A genetically modified mosquito has shown resistance to infection by the dengue fever virus. However, the same genetic alterations do not appear to protect the insect against Zika or chikungunya viruses.
Although Zika has dominated the headlines in the past year, the dengue virus is potentially more widespread – and more deadly. Dengue fever is in fact ranked by the World Health Organisation as the most important mosquito-borne viral disease globally.
The actual number of dengue cases is probably underreported, in part because the disease can be asymptomatic and can be confused with that of Zika and chikungunya.
Recent estimates indicate that there could be up to 390 million dengue infections every year, mostly in south-east Asia and Latin America. Of these, about 96 million manifest clinically and are thought to cause 25,000 deaths.
Since late 2015, a vaccine has been available in endemic areas, but it availability remains limited, and there are no specific drugs to treat dengue fever. Scientists thus continue to investigate other ways to reduce disease transmission and vector control is considered an interesting and potentially very effective method.
In a study published in PLOS Neglected Tropical Diseases, they have shown how a specific genetic manipulation to a molecular pathway known as JAK/STAT could make the dengue-carrying A. Aegypti mosquitoes more resistant to the virus.
The proteins fighting the infection
During an infection, the JAK/STAT molecular pathway is activated and it helps mosquitoes fight against the virus in the first three days following infection. Two proteins called Dome and Hop are involved in this activation of the JAK/STAT pathway.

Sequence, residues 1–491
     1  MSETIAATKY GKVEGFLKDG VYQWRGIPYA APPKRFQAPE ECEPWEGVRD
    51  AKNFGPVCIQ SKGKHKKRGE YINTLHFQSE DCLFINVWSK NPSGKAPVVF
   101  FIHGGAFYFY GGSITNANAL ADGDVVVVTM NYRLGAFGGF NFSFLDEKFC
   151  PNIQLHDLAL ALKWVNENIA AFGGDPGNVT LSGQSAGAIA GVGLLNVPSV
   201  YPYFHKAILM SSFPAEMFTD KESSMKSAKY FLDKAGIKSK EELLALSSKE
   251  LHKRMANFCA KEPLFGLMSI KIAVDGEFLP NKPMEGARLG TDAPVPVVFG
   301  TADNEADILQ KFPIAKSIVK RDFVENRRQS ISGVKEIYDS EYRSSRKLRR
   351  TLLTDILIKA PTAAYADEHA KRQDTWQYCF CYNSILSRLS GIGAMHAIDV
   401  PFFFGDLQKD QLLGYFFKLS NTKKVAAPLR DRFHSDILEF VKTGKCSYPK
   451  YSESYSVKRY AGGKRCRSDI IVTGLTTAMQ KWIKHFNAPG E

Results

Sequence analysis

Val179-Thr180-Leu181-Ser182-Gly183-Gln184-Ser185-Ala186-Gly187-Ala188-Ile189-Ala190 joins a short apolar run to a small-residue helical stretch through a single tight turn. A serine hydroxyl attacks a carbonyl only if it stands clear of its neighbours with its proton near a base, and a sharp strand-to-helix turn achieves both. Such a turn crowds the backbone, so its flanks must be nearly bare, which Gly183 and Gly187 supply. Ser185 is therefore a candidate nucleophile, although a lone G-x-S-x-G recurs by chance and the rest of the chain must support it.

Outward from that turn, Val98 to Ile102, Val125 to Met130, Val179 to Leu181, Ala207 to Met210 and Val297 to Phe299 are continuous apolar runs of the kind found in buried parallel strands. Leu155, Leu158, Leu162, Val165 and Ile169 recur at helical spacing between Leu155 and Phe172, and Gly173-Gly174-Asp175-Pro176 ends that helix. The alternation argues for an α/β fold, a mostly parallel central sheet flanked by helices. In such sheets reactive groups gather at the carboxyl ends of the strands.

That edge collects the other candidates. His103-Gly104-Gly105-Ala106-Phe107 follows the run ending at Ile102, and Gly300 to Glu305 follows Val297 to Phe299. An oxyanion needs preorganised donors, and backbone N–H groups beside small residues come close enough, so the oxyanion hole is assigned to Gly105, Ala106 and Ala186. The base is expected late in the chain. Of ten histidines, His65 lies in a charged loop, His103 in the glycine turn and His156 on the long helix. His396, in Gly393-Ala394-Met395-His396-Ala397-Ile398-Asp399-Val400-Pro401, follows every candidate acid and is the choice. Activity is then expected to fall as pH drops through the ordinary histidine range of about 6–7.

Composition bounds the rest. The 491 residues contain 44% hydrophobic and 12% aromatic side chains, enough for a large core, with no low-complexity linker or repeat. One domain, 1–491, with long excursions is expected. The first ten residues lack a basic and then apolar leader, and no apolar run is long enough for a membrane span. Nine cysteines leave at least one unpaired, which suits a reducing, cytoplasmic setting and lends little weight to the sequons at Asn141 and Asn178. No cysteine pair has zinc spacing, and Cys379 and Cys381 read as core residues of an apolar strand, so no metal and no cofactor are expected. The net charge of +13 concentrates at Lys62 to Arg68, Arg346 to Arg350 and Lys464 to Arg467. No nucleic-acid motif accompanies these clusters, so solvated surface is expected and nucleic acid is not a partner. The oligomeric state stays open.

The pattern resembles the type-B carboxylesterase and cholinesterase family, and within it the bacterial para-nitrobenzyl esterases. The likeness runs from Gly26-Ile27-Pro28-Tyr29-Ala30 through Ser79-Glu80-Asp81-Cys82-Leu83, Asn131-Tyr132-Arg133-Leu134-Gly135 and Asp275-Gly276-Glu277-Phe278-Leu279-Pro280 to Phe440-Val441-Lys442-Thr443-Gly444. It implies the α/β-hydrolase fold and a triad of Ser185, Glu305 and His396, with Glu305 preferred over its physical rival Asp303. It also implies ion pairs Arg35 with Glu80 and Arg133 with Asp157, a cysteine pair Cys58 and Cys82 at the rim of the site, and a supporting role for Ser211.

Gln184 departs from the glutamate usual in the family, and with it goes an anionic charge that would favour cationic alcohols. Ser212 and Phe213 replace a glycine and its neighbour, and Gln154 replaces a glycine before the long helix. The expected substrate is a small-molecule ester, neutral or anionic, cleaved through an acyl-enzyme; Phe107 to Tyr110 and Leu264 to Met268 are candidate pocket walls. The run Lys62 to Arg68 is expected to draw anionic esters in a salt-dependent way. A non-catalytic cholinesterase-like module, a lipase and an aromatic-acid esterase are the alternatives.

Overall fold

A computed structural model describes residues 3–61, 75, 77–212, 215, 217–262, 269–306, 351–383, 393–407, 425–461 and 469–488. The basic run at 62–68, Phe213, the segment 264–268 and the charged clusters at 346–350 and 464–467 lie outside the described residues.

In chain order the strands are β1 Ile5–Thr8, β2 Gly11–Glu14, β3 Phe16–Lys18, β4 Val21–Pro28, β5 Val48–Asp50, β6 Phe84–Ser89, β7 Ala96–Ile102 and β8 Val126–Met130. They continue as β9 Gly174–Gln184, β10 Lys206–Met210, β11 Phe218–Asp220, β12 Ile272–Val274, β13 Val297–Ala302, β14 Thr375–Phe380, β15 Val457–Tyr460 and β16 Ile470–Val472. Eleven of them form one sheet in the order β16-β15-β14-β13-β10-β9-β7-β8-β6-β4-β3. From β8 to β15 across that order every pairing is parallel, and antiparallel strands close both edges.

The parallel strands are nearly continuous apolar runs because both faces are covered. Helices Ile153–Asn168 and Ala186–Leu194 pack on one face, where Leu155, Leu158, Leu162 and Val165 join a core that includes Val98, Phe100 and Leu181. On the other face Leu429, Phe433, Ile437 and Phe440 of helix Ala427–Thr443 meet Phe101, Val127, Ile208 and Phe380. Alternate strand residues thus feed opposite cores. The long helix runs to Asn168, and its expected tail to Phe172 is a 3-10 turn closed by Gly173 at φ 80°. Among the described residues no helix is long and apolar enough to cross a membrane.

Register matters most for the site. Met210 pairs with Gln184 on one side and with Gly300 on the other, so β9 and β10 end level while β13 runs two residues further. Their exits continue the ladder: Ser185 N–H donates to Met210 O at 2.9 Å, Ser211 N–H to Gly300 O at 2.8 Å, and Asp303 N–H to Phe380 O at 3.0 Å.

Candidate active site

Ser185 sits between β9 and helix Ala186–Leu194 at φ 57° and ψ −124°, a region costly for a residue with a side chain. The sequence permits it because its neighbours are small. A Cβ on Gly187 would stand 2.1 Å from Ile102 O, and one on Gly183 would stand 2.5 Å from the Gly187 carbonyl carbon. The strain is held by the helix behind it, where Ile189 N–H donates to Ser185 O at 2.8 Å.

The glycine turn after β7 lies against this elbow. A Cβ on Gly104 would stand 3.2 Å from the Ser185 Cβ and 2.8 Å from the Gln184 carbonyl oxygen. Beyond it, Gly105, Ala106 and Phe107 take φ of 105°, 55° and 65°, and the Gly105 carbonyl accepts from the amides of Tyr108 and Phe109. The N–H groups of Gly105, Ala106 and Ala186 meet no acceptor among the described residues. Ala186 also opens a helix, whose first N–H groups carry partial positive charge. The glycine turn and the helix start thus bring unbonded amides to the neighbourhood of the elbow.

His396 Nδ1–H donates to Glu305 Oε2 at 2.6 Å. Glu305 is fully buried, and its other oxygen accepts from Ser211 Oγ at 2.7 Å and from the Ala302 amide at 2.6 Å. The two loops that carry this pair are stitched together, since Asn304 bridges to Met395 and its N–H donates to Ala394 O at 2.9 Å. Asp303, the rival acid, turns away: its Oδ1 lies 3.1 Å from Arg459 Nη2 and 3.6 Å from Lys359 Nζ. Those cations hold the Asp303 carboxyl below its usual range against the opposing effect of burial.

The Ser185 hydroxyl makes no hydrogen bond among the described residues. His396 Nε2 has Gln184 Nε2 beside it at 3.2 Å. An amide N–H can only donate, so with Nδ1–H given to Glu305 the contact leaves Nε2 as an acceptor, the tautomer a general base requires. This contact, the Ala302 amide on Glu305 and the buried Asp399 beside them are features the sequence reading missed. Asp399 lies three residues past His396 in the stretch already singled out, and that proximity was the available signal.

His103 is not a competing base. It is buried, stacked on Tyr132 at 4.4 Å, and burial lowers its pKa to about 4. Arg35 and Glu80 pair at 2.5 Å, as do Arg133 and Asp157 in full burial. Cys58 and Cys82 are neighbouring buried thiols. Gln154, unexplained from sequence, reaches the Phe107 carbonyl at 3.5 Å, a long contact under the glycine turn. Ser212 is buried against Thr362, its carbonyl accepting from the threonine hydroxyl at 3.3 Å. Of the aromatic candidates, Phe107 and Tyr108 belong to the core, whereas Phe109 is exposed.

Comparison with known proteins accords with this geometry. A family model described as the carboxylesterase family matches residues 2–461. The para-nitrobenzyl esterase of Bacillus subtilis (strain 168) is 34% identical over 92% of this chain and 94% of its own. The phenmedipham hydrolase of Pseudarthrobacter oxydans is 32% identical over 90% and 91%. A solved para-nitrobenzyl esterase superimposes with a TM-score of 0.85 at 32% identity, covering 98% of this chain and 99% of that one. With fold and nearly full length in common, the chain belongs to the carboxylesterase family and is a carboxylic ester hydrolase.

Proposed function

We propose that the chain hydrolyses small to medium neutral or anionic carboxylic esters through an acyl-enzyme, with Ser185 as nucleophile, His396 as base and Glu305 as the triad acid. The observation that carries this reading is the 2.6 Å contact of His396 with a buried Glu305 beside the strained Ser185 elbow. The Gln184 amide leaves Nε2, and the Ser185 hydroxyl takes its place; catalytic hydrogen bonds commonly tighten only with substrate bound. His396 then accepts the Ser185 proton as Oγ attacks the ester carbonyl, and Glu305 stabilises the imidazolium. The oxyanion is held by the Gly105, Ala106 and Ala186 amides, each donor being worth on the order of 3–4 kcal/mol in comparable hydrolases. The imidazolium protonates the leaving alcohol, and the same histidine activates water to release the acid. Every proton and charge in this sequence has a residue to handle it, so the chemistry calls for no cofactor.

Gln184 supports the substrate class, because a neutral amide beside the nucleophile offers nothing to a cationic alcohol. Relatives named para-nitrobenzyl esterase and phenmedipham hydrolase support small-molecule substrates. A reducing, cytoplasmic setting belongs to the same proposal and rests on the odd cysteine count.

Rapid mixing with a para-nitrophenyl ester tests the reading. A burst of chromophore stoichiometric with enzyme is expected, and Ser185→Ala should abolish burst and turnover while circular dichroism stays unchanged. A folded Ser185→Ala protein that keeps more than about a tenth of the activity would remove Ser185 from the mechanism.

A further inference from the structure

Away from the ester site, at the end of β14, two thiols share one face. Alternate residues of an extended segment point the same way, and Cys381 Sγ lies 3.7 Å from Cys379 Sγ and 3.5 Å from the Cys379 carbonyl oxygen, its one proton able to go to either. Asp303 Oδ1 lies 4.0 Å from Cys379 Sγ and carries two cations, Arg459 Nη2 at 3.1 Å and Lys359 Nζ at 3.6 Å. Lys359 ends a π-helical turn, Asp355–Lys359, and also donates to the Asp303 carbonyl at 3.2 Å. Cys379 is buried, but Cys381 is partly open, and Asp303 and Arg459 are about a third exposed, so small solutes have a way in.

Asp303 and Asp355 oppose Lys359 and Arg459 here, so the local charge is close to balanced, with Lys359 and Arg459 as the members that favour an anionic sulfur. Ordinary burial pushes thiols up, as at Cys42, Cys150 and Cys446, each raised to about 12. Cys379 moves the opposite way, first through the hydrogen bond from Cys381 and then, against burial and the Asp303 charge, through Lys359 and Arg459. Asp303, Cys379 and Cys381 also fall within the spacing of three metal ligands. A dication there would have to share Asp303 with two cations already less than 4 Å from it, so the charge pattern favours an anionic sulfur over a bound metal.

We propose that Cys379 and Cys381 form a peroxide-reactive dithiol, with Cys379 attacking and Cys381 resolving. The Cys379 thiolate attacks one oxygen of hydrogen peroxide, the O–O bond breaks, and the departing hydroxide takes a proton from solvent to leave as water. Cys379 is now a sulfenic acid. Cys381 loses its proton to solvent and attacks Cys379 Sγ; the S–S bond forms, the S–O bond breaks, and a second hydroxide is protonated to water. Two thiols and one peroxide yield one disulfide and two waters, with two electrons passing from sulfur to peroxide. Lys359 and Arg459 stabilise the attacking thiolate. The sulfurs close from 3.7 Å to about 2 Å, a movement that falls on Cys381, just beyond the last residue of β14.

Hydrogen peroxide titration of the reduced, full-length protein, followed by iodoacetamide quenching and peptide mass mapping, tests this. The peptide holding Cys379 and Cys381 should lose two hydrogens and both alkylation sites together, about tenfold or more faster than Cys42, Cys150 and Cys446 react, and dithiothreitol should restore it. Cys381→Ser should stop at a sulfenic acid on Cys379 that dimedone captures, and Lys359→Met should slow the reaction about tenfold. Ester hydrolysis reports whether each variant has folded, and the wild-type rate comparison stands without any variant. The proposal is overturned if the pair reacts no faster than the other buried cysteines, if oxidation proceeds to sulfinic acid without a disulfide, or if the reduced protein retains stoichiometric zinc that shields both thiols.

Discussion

In this study, the scientists from Johns Hopkins University genetically engineered Aedes aegypti mosquitoes to turn on the expression of either Dome or Hop in fat tissues, at an earlier stage in the infection, and to make a greater number of these proteins. They then exposed the mosquitoes to the dengue virus.
Mosquitoes with a genetically engineered versions of Dome had 78.18% fewer copies of the virus in their guts, and those with a modified version of Hop, 83.63% less viral copies. The viral load in mosquitoes' salivary glands was also reduced in both cases. This suggests that the approach might be effective in making mosquitoes more resistant to the virus.
However, it does not seem to help in the case other mosquito-borne infections. In another experiment, the researchers exposed the genetically modified mosquitoes to the Zika virus and chikungunya virus. The promising results seen with dengue were not replicated here - the genetic manipulation had no impact on the mosquitoes ability to fight Zika and chikungunya.
This indicates that the importance of the JAK/STAT pathway in the fatbody tissue may be unique to the dengue virus. The hope is that introducing these mosquitoes will reduce the number of A. Aegypti that carry the virus and that can transmit it to humans.